Academy Health will hold its annual research meeting in Seattle, Washington from June 24 to 26, 2018. Members of the department of family medicine will present their researcher at the meeting as well as at a pre-conference convening of the Disability Research Interest Group (DRIG) on Saturday, June 23rd, 2018. The DRIG is composed of health services and policy researchers interested in the coordination, quality improvement, and financing of services, assistive devices, and environmental changes needed for the optimal health and social integration of people in situations of disability. It brings together researchers, policy analysts, persons with disabilities, and educators to increase the impact of good quantitative and qualitative research on disability policy, practice, and professional education in the U.S. and abroad.
Members of DRIG include Michael M. McKee, M.D., M.P.H., assistant professor; Elham Mahmoudi, Ph.D., M.B.A., assistant professor; and Philip Zazove, M.D., professor and the George A. Dean M.D. Chair of Family Medicine. Find the Disability Research Interest Group's pre-conference agenda and catch U-M research in the below presentations at DRIG and the Annual Research Meeting #ARM18:
The Effects of Hearing Aids on Healthcare Cost and Use Among Older Adults with Hearing Loss
Research Objective: To evaluate the average treatment effects of hearing aids (HA) on healthcare costs and utilization. Hearing loss (HL) is common among older adults and is associated with poorer health and impeded communication. HA, while helpful in addressing some of the effects of HL, are expensive and are not covered by Medicare.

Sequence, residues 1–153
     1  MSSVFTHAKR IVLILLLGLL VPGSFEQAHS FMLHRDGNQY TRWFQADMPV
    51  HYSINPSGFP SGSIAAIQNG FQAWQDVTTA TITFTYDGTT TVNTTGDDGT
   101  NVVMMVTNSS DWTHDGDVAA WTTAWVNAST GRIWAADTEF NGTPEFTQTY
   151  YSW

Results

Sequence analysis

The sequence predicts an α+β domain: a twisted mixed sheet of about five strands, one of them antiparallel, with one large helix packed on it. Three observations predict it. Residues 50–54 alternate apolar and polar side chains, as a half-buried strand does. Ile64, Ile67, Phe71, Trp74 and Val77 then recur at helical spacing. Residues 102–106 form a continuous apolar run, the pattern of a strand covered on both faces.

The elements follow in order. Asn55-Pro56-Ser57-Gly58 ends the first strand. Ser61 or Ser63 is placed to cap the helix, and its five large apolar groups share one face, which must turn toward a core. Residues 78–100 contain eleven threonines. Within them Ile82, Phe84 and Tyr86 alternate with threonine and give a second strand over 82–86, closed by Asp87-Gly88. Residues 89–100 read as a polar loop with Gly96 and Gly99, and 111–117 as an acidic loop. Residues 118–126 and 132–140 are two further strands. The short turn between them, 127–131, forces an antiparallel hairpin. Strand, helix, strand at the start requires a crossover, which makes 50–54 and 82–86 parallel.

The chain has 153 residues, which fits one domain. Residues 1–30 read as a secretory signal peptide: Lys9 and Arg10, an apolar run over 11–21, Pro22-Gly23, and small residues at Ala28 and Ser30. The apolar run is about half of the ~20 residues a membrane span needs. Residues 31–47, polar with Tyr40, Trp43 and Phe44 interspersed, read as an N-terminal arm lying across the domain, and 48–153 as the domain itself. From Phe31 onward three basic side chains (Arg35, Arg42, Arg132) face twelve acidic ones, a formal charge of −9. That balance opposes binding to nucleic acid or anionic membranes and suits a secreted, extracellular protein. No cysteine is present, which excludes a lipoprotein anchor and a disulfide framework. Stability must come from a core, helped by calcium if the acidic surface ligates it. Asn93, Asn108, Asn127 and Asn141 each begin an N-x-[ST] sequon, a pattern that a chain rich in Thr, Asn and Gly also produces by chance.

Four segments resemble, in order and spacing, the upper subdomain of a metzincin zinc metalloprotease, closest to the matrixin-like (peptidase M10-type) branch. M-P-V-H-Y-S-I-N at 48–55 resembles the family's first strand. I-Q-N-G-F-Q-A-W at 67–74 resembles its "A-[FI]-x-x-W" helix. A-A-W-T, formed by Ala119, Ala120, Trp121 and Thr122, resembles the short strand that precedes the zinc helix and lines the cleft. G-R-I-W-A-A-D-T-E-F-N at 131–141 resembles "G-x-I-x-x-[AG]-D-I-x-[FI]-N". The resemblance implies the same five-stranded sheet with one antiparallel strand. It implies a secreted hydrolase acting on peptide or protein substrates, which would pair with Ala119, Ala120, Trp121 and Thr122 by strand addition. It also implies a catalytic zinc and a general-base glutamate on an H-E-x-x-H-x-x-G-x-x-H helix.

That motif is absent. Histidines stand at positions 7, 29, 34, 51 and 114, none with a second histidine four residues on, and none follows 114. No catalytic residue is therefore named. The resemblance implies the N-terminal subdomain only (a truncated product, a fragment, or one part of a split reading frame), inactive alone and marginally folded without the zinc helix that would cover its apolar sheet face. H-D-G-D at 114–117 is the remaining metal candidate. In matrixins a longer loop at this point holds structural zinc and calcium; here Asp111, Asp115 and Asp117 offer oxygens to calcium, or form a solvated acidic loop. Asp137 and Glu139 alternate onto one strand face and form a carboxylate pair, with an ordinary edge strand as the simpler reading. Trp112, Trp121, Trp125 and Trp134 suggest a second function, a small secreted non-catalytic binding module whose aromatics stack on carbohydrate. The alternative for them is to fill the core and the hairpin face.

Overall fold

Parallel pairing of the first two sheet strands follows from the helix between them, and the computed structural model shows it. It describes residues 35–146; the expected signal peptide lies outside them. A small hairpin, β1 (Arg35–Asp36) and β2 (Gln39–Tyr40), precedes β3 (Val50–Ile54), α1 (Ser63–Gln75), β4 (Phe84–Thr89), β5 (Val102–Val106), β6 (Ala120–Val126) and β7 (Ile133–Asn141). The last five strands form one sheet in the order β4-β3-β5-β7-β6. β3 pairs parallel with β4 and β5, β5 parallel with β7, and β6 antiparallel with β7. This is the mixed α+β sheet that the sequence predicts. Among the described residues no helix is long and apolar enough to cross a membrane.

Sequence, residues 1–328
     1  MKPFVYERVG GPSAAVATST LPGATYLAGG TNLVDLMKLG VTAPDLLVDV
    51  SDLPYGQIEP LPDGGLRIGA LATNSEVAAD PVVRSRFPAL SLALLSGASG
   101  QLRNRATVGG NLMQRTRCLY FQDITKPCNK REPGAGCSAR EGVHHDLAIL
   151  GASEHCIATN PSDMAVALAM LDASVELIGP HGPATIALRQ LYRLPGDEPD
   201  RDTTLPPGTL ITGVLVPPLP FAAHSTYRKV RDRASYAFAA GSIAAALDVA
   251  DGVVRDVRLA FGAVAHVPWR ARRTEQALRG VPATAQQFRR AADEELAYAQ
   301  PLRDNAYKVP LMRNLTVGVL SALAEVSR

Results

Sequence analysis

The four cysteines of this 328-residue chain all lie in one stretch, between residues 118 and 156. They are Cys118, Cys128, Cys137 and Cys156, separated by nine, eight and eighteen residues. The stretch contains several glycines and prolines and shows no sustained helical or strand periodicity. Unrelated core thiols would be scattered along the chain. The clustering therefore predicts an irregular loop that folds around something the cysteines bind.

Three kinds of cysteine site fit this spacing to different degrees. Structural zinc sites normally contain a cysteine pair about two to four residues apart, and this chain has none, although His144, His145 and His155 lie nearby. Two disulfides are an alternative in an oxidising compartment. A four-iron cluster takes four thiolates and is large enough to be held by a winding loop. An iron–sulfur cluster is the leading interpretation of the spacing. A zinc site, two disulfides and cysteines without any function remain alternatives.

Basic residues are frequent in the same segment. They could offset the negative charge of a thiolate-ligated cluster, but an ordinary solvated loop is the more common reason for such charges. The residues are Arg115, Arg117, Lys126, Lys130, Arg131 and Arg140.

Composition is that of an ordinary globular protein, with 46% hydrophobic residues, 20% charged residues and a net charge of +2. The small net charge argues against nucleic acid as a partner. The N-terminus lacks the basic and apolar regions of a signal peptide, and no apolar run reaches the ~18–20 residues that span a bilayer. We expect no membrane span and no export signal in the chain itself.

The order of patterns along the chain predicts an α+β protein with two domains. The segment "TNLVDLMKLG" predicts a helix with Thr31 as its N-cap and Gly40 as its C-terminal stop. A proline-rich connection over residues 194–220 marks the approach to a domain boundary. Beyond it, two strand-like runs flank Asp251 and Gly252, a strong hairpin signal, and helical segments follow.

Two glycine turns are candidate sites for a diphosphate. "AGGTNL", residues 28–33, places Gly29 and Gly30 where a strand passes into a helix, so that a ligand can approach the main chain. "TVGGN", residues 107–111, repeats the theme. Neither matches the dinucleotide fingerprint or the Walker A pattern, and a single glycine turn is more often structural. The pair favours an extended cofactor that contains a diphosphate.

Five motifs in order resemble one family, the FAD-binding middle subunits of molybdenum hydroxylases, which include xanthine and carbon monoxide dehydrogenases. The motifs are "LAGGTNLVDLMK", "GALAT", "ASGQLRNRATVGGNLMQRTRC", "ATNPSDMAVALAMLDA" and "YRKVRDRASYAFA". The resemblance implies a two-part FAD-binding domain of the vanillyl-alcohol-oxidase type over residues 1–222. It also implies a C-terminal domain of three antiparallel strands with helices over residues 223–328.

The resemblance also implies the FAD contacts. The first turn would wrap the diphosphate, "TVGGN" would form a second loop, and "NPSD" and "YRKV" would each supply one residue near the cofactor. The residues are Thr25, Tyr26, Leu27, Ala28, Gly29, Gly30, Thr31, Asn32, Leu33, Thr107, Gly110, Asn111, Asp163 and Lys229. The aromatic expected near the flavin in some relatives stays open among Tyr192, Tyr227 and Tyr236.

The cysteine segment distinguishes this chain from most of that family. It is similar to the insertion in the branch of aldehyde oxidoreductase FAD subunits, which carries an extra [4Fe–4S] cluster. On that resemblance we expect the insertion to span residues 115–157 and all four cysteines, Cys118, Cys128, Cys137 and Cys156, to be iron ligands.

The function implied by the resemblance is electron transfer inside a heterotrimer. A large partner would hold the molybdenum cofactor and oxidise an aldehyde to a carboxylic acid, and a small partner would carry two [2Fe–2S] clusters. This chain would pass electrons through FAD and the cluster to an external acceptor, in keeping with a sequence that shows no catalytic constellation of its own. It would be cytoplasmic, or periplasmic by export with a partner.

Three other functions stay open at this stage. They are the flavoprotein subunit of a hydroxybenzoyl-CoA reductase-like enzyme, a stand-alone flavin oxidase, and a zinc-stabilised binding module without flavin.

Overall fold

Study Design: We used an average treatment effect method and applied an inverse propensity score weighting – to adjust for potential selection bias between older adults with and without HA, all of whom reported having substantial HL – to estimate the average treatment effects of HA on healthcare costs and utilization. Main outcomes of interest included: (1) Total healthcare, Medicare, and out-of-pocket spending; (2) any emergency, inpatient, and office visit; (3) number of emergency visits, nights in hospital, and office visits, if any. We adjusted our models for age, sex, race/ethnicity, marital status, any physical limitations, presence of certain chronic conditions, interview language, region of the country, educational level, and federal poverty level. Objective audiometric data is not available in the Medical Expenditure Panel Survey (MEPS) data and, therefore, we could not control for the degree and type of HL.
Population Studied: We used nationally representative 2013-2014 MEPS data to select people age 65 and older who self-reported having HL. Our original sample included 1,360 individuals who responded “Yes” to whether they had substantial difficulty hearing. After excluding individuals with missing values (24 patients – 1.8%), our final sample included 1,336 individuals, 612 of whom used HA and 724 of whom did not.